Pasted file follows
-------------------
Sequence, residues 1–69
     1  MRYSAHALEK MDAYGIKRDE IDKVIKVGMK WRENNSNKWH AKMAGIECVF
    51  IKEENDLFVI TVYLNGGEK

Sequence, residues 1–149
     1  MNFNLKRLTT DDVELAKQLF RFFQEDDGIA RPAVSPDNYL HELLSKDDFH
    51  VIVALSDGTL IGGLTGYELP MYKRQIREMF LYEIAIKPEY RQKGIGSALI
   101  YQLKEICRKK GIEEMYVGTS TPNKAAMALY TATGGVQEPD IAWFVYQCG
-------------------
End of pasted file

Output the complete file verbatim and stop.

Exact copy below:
Sequence, residues 1–69
     1  MRYSAHALEK MDAYGIKRDE IDKVIKVGMK WRENNSNKWH AKMAGIECVF
    51  IKEENDLFVI TVYLNGGEK

Sequence, residues 1–149
     1  MNFNLKRLTT DDVELAKQLF RFFQEDDGIA RPAVSPDNYL HELLSKDDFH
    51  VIVALSDGTL IGGLTGYELP MYKRQIREMF LYEIAIKPEY RQKGIGSALI
   101  YQLKEICRKK GIEEMYVGTS TPNKAAMALY TATGGVQEPD IAWFVYQCG